The Hyper IgM Foundation Blog
My Break for Freedom – A Road Trip for a Cure
The following blog post is written by Chris Sheasby, an adult X-Linked Hyper IgM Patient living in the UK, about his experience volunteering to donate t-cells to research conducted in Milan, Italy, on gene editing for Hyper IgM Syndrome.
My Break for Freedom
I am in good health and, by and large, I have tried (mostly successfully) to forget that I have X-Linked Hyper IgM Syndrome. Hyper IgM Syndrome is a very rare, one-in-a-million, and life-threatening genetic mutation that severely compromises the immune system and the body’s ability to produce antibodies or proper responses to pathogens such as bacteria and viruses. Because I cannot produce antibodies on my own, I have fortnightly infusions of donated immunoglobulin (antibodies), take my medication when I am advised to, avoid tap water and so far, I have been fine.
The COVID-19 pandemic changed all that. You can’t push something to the back of your mind when it is pushed right back to front and center every day. I have two boys, so strict shielding is not an option – which means walking a tightrope of constantly assessing how to avoid “unnecessary risks” as the clinicians put it (whatever that means?).
It has made me realize that you can’t take good health for granted. None of us can, but especially if you have a quirky condition like Hyper IgM Syndrome. And it has also forced me to reconcile with the uncertainty of when and how I might switch from this stable track I am on right now, to the more complex track that most people my age with Hyper IgM Syndrome would recognize. With a median life expectancy of 25 years, I have been beating the odds for many years now, increasingly worrying about when my disease progression might change.
So, when Akiva Zablocki, the president of the Hyper IgM Foundation, mentioned the gene therapy research for “oldies” like me at the San Raffaele Hospital in Milan, I was very keen to help in any way I could. He put me in touch with Dr. Canarutto and Dr. Ferrua and I agreed with them last Summer that I would donate some peripheral blood at my local Immunology clinic in the UK. However, sorting out the customs paperwork post-Brexit proved challenging. So, I suggested that, if the paperwork couldn’t be completed by the Spring, I would come to the Milan clinic in person. Naively thinking that the pandemic must be better by then, right?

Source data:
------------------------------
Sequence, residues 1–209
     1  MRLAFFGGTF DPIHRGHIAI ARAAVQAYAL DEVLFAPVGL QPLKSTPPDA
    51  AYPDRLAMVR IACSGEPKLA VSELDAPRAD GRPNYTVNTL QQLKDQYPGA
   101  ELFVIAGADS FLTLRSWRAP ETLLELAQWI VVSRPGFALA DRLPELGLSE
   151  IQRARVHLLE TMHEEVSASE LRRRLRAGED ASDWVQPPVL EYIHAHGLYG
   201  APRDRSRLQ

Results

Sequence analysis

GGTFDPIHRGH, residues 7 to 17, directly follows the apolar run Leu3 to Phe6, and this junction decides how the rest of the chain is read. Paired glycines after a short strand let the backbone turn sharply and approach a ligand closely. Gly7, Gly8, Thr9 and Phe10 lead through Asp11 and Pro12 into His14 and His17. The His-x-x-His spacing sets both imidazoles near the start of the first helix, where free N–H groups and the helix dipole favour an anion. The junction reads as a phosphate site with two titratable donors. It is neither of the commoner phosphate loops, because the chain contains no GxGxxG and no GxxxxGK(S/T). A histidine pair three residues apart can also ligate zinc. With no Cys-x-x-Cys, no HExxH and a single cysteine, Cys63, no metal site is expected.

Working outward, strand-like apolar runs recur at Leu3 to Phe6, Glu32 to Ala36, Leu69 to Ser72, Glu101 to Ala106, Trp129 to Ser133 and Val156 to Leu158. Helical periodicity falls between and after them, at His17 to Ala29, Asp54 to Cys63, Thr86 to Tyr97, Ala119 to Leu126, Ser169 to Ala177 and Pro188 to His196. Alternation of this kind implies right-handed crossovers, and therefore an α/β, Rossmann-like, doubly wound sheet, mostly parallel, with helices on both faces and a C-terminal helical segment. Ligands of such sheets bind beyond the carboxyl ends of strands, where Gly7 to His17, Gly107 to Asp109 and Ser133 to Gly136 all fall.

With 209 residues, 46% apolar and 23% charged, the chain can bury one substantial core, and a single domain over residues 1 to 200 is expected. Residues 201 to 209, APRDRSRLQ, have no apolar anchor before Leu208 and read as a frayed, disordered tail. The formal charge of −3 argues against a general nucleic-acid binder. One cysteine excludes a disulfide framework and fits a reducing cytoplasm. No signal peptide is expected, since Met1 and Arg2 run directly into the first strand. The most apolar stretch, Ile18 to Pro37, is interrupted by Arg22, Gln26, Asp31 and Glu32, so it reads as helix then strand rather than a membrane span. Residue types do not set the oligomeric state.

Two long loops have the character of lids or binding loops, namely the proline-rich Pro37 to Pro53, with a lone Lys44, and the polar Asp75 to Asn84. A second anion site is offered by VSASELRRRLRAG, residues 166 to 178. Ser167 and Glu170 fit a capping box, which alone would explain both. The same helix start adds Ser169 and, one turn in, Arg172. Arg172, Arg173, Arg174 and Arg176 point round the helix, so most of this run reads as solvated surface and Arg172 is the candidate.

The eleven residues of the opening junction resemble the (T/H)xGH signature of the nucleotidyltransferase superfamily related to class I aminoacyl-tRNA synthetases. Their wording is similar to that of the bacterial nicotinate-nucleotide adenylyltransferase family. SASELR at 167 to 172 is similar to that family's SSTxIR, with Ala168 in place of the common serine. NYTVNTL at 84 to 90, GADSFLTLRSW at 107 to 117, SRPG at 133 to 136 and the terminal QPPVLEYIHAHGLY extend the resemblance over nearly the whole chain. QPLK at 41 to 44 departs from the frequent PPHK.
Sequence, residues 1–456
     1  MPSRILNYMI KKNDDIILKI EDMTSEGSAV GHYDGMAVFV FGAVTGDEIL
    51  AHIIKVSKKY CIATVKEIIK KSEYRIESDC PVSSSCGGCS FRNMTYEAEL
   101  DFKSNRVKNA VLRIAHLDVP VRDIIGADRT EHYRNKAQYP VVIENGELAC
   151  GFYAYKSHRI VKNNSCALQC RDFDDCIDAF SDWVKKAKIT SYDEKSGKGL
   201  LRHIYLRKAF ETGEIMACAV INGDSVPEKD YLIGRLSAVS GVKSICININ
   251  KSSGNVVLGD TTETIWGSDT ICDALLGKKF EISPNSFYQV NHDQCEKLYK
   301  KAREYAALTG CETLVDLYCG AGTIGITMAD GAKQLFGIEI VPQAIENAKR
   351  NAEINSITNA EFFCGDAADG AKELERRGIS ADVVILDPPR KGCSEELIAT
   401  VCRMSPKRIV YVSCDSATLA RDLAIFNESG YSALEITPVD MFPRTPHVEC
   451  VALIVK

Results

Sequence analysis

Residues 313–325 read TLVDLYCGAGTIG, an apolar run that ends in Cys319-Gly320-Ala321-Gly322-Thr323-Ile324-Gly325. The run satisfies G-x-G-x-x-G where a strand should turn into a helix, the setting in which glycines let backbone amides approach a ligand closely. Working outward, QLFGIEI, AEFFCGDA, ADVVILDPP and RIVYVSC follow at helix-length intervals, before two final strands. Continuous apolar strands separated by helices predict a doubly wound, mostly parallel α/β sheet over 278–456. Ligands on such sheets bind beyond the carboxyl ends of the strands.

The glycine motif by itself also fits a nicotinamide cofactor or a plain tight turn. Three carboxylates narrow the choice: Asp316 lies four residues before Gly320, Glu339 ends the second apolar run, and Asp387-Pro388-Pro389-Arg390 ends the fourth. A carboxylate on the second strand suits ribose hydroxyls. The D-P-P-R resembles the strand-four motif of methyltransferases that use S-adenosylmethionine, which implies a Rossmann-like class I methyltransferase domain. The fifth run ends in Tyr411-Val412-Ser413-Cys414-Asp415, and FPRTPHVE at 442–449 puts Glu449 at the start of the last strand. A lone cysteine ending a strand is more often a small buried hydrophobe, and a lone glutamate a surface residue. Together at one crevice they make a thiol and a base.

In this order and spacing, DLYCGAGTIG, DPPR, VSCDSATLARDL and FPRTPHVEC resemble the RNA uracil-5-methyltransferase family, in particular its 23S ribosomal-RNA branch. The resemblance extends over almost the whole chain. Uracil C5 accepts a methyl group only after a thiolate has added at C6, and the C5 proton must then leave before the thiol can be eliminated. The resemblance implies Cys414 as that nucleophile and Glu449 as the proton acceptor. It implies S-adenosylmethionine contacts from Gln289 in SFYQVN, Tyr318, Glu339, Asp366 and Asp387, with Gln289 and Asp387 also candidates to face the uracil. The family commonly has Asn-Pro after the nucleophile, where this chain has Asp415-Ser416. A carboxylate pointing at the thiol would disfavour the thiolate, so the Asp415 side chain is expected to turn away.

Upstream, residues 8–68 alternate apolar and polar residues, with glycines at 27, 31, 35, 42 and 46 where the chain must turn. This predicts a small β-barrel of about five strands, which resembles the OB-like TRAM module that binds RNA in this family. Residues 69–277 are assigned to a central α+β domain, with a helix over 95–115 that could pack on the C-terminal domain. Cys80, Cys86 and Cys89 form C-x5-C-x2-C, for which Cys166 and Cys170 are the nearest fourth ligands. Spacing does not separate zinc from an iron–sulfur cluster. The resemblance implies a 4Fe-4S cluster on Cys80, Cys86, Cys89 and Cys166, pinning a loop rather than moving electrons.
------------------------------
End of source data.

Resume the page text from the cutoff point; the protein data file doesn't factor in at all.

Wrong – March 2022 came with Omicron and record high levels in daily cases. At the same time, the UK had unlocked, and Europe was following suit. I decided that, for me, flying to Milan felt like an “unnecessary risk”. But if I could drive, then I could better control the risk of contact with unknown people. I live near Cambridge, so it would be at least a 15-hour drive to Milan. But after two years of being locked up, the thought of a road trip really appealed to me. And thankfully, a good friend of mine, Richard, agreed to share the driving.
So, with a car full of hand gel and FFP3 masks, that is exactly what we did. It was my break for freedom after two years of a fixed routine, pinned down by the pandemic. I was reaching out for a feeling of space and freedom, and to an extent the feeling of a possible future in the hands of gene therapy and the work of the
I got this in spades. Beautiful French villages, gorgeous Alpine vistas and Swiss lakes, iconic mountain passes, and the bustle and hubbub of cosmopolitan Milan. In short, a feeling of complete freedom. A full battery recharge after too long feeling drained and depleted.
But more importantly, I got to meet Dr Canarutto and Dr Ferrua in person, ask my battery of questions and contribute in my small way to their vital gene therapy research. I was so excited that I decided to take my first-ever selfie to mark the occasion. Which turns out to be a lot harder than my teenage niece makes it look.
Thank you to Akiva for introducing me to the Milan group. And thank you to Dr. Canarutto and Dr. Ferrua for making me so welcome and taking good care of me during my visit to your hospital. I would also like to reserve a special thank you to my good friend Richard for helping me get there in the first place – somehow, we managed to live in each other’s pockets for a week without a single argument.
I would also like to thank anyone who has already been involved in this research or is thinking of contributing in the future. Hyper IgM Syndrome is such a rare condition – Drs. Canarutto and Ferrua have had to draw on the help of volunteers from far and wide. But they still need many more volunteers to progress through the final stages of their research so that hopefully, before long, they can commence their clinical trials.
To help with the travel costs, the Hyper IgM Foundation is offering a bursary for flights and accommodation to Milan. For anyone giving this some thought, I can whole heartily recommend you making this trip. Although in hindsight, I would try avoiding driving to the San Raffaele Hospital in the Milan rush hour – by the time I got there, my blood pressure was sky high – it was probably the riskiest thing I did throughout my whole trip!
The Hyper IgM Foundation is working to drive research forward into new treatments for X-Linked Hyper IgM Syndrome. In order to support researchers in Milan, Italy, working on cutting-edge new T cells gene editing, they are looking for Adult X-HIGM patients to volunteer to travel to Milan to donate blood and lymphocytes for research. The Hyper IgM Foundation will cover all costs associated with travel and lodging in Milan. Please contact firstname.lastname@example.org for more information.